‘COVID-15” became a popular term based on increasing reports and discussions of people gaining weight due to quarantining indoors, moving less, and changing their eating habits.
An American Psychological Association poll of more than 3,000 American adults found that 61% experienced unintended weight changes since the start of the pandemic; 42% reported gaining an average of 29 pounds. The Health eHeart Study, where data was collected and curated from over 200 adult participants found an average 1.5-pound weight gain per month.
However, these reports had limited sample sizes and it wasn’t clear if weight changes were widespread across the U.S. population.
A more recent publication of weight data on 19,573,285 adult patients in 49 states collected from EPIC, a larger healthcare database, did not show significant weight changes of gain or loss in most patients when comparing their pre-pandemic weights in 2019 and 2020 with weights taken in March 2022. A smaller percentage of up to 10% did show weight gain of more than 10 pounds, but about the same percentage of people also lost that amount of weight during this period of the pandemic.
Weight loss or Weight gain?
COVID-related weight gain may have stemmed from altered eating routines, less physical activity, increased stress, and disrupted sleep. Weight loss may have occurred from poor appetite related to anxiety or depression, or decreased muscle mass from less activity; other people may have lost weight in a healthy manner by adapting their eating and exercise habits, such as learning to cook healthy meals at home instead of relying on takeout, discovering home-based or outdoor exercise options, and establishing a set sleep schedule.
Be it weight loss or weight gain during the earlier parts of the COVID-19 pandemic, it is undeniable many persons had disruptions in their fitness schedules, weight shifts and now back on their fitness trajectory as COVID-19 moves to the endemic stages.
Some may need help to return to their optimized weight, so Health Plus is here to offer suggestions on how different types of exercise can benefit your fitness journey.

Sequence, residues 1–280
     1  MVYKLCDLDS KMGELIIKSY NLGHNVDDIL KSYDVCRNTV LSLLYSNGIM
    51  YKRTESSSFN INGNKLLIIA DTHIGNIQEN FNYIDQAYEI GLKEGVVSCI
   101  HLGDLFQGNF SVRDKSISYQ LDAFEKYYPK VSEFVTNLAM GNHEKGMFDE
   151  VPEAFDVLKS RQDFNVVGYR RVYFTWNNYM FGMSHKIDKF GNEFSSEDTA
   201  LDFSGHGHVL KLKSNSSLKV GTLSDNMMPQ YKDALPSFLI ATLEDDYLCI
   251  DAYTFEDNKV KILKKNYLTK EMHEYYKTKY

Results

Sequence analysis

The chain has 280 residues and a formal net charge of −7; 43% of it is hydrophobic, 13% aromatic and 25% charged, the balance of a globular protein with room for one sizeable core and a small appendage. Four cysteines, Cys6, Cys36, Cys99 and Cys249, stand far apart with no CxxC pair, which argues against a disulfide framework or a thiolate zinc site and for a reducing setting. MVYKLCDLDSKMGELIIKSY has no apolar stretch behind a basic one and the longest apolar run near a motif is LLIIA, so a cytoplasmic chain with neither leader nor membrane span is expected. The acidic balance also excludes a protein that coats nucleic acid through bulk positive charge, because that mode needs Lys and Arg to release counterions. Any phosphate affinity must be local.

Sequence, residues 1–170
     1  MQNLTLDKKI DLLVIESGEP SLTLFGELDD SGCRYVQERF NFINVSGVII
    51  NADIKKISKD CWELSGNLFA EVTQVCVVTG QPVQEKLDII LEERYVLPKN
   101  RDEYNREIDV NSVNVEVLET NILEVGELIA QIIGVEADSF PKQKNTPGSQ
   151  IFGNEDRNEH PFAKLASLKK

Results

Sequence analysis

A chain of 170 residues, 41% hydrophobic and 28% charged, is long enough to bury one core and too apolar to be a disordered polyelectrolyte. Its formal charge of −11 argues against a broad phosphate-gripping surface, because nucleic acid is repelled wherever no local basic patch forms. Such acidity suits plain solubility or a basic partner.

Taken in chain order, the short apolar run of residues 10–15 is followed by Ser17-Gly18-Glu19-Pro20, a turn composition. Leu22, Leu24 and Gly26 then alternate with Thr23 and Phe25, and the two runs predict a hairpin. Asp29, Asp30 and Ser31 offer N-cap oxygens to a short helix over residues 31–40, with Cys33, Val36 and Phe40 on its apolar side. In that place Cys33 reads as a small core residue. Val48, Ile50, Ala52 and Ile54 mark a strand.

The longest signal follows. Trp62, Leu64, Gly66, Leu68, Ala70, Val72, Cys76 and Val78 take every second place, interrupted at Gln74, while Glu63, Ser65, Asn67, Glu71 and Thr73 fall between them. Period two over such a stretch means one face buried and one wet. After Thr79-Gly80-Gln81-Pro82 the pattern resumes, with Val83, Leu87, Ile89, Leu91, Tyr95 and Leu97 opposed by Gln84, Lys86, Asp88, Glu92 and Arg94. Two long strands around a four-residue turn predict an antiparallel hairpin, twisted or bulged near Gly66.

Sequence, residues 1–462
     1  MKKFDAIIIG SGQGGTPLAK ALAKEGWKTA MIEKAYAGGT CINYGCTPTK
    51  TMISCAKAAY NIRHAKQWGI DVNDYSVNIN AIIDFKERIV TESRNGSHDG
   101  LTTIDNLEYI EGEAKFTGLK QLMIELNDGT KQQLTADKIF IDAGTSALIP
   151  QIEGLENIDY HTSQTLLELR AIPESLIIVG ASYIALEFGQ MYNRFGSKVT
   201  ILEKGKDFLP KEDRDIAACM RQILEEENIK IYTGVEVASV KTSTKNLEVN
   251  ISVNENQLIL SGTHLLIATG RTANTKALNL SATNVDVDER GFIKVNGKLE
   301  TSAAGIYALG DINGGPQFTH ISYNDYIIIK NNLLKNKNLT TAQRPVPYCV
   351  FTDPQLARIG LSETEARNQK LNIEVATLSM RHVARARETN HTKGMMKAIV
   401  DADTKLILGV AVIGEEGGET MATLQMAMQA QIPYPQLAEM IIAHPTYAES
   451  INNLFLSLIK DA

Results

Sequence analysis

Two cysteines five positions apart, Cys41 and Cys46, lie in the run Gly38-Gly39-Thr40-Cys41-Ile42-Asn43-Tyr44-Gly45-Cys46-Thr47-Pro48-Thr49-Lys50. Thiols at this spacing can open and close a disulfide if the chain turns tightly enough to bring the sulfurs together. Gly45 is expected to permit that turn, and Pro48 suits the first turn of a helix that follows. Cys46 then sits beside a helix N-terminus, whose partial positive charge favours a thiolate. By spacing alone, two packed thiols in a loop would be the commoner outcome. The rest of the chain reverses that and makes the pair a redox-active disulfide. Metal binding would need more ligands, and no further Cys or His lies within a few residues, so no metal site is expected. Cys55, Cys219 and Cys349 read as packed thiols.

Be sure to check with your Healthcare Physician before engaging in any fitness routines. Certain medications may also affect your heart rate, too, so speak with your doctor if you have concerns.
What it does:
Aerobic exercise improves circulation, which results in lowered blood pressure and heart rate. Aerobic exercise also reduces the risk of type 2 diabetes and, if you already live with diabetes, helps you control your blood glucose.
Ideally, at least 30 minutes a day, at least five days a week.
Brisk walking, running, swimming, cycling, playing tennis and jumping rope. Heart-pumping aerobic exercise is the kind that doctors have in mind when they recommend at least 150 minutes per week of moderate activity.
What it does:
Resistance training has a more specific effect on body composition. For people who are carrying a lot of body fat (including a big belly, which is a risk factor for heart disease), it can help reduce fat and create leaner muscle mass. Research shows that a combination of aerobic exercise and resistance work may help raise HDL (good) cholesterol and lower LDL (bad) cholesterol.
At least two nonconsecutive days per week of resistance training is a good rule of thumb, according to the American College of Sports Medicine.
Working out with free weights (such as hand weights, dumbbells or barbells), on weight machines, with resistance bands or through body-resistance exercises, such as push-ups, squats and chin-ups.
During any workout, exercising at your fat-burning heart rate can help promote weight loss. This zone is where you burn the most calories per minute.
To find your fat-burning zone, you’ll need to calculate your maximum heart rate first. This is the maximum number of times your heart can beat during 1 minute of exercise.
• Your maximum heart rate is 220 minus your age. For example, if you’re 40 years old, your maximum heart rate is 180 beats per minute
(220 – 40 = 180).
Generally, your fat-burning zone is 70 percent of your maximum heart rate.
• If your max heart rate is 180 beats per minute, your fat-burning zone is 70 percent of 180, or 126 beats
(180 x 0.70 = 126).
With this number, you’ll know how hard you should work to support weight loss.
While 70 percent is the average fat-burning zone, everyone is different. Some people might enter the fat-burning zone at 55 percent of their maximum heart rate, while others might need to reach 80 percent. It depends on various factors like sex, age, fitness level, and medical conditions.